The Dallas Morning News is reporting that:
Some Plano students who are Jewish say they were pressured or taunted to pick up copies of the New Testament from school display tables during recent weeks.
Their parents have called for changes in district policies that allow outside groups to distribute materials on campus.
The Gideons International has set up tables offering copies of the New Testament. The district isn’t violating the law by allowing this — as the story notes, “a judge’s order prevents [the district] from excluding groups based on their beliefs” — but the practice does bother some students.
“Probably the one I heard the most was, ‘If the Bible touched you, like, will you burn or something?’ ” said Jeffrey Lavine, 16, a sophomore at Vines High School. “I sort of played it down as a joke and everything, which it was, but it was definitely a meaner comment than what we’re used to.”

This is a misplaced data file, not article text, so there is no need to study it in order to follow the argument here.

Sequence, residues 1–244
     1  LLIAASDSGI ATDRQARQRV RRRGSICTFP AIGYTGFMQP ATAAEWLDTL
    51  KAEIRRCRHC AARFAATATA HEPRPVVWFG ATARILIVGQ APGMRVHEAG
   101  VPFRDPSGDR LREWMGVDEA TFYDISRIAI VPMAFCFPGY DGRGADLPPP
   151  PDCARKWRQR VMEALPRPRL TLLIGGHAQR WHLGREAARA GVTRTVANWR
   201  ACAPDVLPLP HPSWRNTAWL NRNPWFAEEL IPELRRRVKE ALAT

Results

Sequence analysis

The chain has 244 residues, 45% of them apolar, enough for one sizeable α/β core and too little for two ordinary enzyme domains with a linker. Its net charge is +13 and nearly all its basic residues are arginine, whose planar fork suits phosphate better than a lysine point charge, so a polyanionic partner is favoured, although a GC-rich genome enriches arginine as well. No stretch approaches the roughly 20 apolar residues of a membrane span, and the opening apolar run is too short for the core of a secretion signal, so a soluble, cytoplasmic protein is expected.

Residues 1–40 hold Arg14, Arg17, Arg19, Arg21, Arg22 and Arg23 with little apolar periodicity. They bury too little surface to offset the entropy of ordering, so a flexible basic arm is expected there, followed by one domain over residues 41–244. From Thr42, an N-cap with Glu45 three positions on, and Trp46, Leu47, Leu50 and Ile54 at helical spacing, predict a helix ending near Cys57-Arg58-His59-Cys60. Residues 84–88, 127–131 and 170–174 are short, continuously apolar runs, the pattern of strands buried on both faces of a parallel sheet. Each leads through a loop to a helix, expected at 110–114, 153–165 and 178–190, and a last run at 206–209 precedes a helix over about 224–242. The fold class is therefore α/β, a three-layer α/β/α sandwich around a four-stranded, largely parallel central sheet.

Plano has been a hotbed of controversy regarding religious freedom, resulting in a number of lawsuits.
Which brings to mind this recent quote from Lauren Smith, an associate communications director at Americans United for Separation of Church and State. Last week, in a final blog post before she leaving for law school, she detailed what she’s learned while at AU. Excerpt:
Not only have I learned that education is essential, I’ve learned that teaching is the best teacher. I’m grateful to have had the opportunity to share and expand my knowledge of religious liberty issues.
. . .
. . . people’s reckless disregard for the truth hampers constructive discussions about church-state separation.
She also details the accusations and vitriol those of us working to protect religious freedom receive rather regularly.
Thankfully, I’ve never had to watch a week’s worth of religious-right television.
[H/T The Wall of Separation, AU’s blog]